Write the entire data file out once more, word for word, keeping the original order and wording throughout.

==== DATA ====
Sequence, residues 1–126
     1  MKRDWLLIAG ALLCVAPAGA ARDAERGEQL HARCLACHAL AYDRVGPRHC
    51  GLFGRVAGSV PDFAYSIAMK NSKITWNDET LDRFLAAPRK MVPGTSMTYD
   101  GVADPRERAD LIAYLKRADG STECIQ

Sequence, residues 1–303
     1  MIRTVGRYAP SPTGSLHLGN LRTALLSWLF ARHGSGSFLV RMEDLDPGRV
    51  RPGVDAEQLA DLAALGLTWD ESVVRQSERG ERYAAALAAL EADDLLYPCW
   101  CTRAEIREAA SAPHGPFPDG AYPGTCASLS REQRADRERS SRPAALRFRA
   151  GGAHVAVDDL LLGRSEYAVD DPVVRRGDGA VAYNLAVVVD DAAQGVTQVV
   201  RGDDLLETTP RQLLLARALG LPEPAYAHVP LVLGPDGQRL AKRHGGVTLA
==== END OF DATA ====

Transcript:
Sequence, residues 1–126
     1  MKRDWLLIAG ALLCVAPAGA ARDAERGEQL HARCLACHAL AYDRVGPRHC
    51  GLFGRVAGSV PDFAYSIAMK NSKITWNDET LDRFLAAPRK MVPGTSMTYD
   101  GVADPRERAD LIAYLKRADG STECIQ

Sequence, residues 1–303
     1  MIRTVGRYAP SPTGSLHLGN LRTALLSWLF ARHGSGSFLV RMEDLDPGRV
    51  RPGVDAEQLA DLAALGLTWD ESVVRQSERG ERYAAALAAL EADDLLYPCW
   101  CTRAEIREAA SAPHGPFPDG AYPGTCASLS REQRADRERS SRPAALRFRA
   151  GGAHVAVDDL LLGRSEYAVD DPVVRRGDGA VAYNLAVVVD DAAQGVTQVV
   201  RGDDLLETTP RQLLLARALG LPEPAYAHVP LVLGPDGQRL AKRHGGVTLA